Jerry was only five years old when Poppa moved in with his parents and his sisters in their little house in the burbs. And although Poppa was old, Jerry took an instant liking to the idea of having him around each day. Both of his parents worked, and so when Jerry raced off the school bus after a morning in Kindergarten, Poppa had managed to prepare somewhat of a lunch for them both and always had a conversation ready.
Jerry was like any typical five year old. He had questions and lots of them. Poppa was his perfect conversationalist, because not only did he have the patience to listen to all of Jerry’s questions, he had years of wisdom under his belt to impart on such a young formative mind. Jerry had the mind to pay attention and learn from his Poppa.
Jerry was particularly bothered by another boy in Kindergarten that rode his bus, named Bradley. Jerry didn’t quite have that quirky kid figured out and because he was just a little bit different, Jerry didn’t really know what to make of the boy. He wanted to be his friend and his attempts to friend the boy proved to go nowhere. It was because of this, Jerry told his Poppa over lunch that he hated Bradley.
Poppa was having none of that. He took the time to explain to Jerry that you couldn’t just hate a boy because he was different. You had to get to know him and he suggested that Jerry invite him after school for some lunch. Jerry was reluctant at first, but a few days and a few conversations later, Poppa had finally convinced Jerry to invite over Bradley.
The first time, Jerry attempted to talk to Bradley about asking his mother if it was alright to come over, Bradley looked at Jerry in bewilderment and ran away without saying a word. Hurt, Jerry raced home to tell Poppa that Bradley hated him. Poppa assured him this was not the case. They sat down to lunch to eat, and Jerry noticed that Poppa had prepared three lunches that day. Jerry sat across from the empty chair and ate lunch silently, as it seemingly mocked him.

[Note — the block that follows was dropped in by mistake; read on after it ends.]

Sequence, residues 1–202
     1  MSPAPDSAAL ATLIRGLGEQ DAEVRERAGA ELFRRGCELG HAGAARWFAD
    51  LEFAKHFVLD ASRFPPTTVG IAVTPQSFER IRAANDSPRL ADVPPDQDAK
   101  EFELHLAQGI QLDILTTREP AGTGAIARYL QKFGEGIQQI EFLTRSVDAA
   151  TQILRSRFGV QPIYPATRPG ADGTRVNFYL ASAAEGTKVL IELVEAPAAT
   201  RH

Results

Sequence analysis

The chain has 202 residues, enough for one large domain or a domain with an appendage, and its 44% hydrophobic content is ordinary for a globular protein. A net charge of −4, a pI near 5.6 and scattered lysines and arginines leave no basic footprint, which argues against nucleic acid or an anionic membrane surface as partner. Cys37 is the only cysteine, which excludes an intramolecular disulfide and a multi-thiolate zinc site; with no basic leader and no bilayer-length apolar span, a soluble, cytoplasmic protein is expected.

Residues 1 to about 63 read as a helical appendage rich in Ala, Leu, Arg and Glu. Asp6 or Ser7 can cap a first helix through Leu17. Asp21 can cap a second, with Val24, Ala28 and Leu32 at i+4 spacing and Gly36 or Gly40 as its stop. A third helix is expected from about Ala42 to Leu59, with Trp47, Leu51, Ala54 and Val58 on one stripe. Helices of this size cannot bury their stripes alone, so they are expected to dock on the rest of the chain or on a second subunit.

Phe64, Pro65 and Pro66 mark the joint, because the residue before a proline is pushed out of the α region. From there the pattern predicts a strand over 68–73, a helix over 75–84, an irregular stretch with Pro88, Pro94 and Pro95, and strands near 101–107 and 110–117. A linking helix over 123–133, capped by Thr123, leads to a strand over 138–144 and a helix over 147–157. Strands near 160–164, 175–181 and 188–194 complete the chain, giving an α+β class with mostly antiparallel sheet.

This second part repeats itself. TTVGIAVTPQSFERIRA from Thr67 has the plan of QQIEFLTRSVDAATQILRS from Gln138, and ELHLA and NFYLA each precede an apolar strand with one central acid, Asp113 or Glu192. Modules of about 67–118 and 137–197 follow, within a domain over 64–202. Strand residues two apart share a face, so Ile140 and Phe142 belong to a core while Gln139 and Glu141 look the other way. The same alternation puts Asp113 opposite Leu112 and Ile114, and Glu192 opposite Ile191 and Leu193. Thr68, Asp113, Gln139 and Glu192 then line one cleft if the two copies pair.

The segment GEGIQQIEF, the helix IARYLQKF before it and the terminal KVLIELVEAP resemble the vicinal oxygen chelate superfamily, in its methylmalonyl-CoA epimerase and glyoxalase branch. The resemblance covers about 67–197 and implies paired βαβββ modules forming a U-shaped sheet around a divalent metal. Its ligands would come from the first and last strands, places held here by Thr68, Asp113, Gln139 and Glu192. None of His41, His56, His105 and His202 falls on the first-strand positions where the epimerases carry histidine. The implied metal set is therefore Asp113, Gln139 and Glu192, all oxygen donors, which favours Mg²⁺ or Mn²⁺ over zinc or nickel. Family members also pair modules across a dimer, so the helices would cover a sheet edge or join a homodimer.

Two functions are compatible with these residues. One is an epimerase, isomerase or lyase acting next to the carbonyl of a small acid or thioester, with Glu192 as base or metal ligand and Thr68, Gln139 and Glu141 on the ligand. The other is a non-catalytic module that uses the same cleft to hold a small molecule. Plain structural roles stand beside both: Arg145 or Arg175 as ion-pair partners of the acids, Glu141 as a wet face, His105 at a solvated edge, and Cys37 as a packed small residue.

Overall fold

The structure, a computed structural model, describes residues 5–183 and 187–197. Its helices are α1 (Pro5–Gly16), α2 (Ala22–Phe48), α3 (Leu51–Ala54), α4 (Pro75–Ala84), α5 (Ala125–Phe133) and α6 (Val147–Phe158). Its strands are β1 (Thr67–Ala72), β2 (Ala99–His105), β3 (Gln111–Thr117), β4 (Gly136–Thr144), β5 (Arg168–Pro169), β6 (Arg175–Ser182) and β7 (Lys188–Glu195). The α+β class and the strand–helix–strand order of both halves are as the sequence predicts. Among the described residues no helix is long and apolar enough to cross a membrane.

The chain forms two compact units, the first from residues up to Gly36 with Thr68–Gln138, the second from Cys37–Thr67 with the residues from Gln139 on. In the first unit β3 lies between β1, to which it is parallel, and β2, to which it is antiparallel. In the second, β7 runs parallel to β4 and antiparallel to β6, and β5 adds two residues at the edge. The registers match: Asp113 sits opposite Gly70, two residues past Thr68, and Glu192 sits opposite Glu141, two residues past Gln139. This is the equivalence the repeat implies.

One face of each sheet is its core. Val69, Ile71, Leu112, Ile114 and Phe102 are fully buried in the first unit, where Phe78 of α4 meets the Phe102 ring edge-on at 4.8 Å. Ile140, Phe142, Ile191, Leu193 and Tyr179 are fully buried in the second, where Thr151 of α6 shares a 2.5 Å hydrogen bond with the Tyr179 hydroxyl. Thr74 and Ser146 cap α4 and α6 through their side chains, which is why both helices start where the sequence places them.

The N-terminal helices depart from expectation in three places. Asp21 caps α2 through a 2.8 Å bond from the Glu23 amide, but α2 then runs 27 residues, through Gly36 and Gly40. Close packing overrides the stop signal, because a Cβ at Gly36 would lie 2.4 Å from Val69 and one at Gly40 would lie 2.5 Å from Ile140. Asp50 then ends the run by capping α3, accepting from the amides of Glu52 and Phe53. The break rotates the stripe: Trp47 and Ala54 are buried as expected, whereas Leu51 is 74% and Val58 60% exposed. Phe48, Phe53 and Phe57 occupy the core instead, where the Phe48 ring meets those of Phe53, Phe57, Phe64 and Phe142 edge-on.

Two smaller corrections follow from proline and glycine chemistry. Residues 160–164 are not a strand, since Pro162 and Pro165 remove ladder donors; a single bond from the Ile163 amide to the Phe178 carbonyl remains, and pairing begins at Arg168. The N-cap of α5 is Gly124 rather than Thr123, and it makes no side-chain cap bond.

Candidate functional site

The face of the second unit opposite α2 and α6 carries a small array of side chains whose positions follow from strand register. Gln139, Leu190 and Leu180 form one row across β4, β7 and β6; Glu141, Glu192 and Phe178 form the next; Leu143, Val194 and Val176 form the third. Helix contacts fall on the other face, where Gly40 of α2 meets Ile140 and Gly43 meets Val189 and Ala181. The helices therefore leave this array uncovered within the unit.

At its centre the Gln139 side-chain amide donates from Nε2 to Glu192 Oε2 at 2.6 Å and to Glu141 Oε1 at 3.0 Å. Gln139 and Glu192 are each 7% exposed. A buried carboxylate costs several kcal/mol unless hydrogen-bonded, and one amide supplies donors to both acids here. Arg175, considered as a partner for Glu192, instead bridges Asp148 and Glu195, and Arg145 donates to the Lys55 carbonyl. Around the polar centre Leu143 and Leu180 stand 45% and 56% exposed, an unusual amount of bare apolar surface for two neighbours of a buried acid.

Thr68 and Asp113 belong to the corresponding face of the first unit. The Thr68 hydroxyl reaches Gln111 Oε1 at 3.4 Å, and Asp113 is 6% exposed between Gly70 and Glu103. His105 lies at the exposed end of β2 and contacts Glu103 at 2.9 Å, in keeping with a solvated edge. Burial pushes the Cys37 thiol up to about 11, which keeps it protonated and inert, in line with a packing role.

Poppa knew Jerry was bothered and encouraged him to keep trying with Bradley. “Don’t give up on him,” Poppa would say, “Tell we have an empty chair waiting for him.” Jerry wasn’t so bold the second time around, but he eventually asked Bradley if he wanted to come over for lunch. This time Bradley answered him with, “not today,” and walked away.
This upset Jerry even more! Rejection isn’t something that Jerry was good at dealing with. Poppa once again had three lunches prepared and the empty chair sat there mocking him once again. Jerry ate in silence as he was reminded why it sat empty once again.
This whole cycle of inviting Bradley, getting rejected, Poppa encouraging him to try again and Jerry getting rejected once again, happened over and over and over. Jerry found the idea of ever being Bradley’s friend hopeless. And it seemed like for weeks, the empty chair sat there teasing him every single day at lunch time. He questioned whether there was something wrong with him and not Bradley until one day, after Bradley told Jerry “no” , there was a knock at the door. Poppa answered it and Bradley’s mother had paid a visit. Jerry, figuring he was in trouble hid behind, the door while he listened to his Poppa speak.
“I want to personally thank Jerry for inviting Bradley to lunch each day.” her voice was soft and sincere. Jerry peered his forehead around the corner.
“You see Bradley has trouble communicating with the other kids and he’s terribly shy,” she continued, “and I just wanted Jerry to know he comes home every day smiling talking about his new best friend Jerry.” Jerry seemed shocked at this revelation because they hadn’t even had more than a two –three sentence conversation. “It gives me hope that one day Bradley will break out of his shell and get the courage to have lunch with his new best friend.”
Poppa said goodbye and shut the door. He made only two lunches again that day and yet he still pulled up the empty chair. This puzzled Jerry and he quietly ate his lunch without so much as a word.
As if Poppa could read his thoughts, he chimed in, “This Empty Chair is not a sore reminder of a friend that did not come to lunch. It is a good sign that your friend, whether they were invited or not, is always welcomed into your heart and home.”
Two weeks later, Bradley handed Jerry an envelope. He rushed home to Poppa and opened it up. It was an invitation to have lunch with Bradley, at Bradley’s house. When the day arrived, Bradley answered the door and invited him in. Jerry was the guest that day and he was invited to have a seat, in The Empty Chair, realizing that his friend had really opened his heart and home to him.
*Written for the Thursday Blog Hop at the Writer’s Post. Come join in on the fun!*
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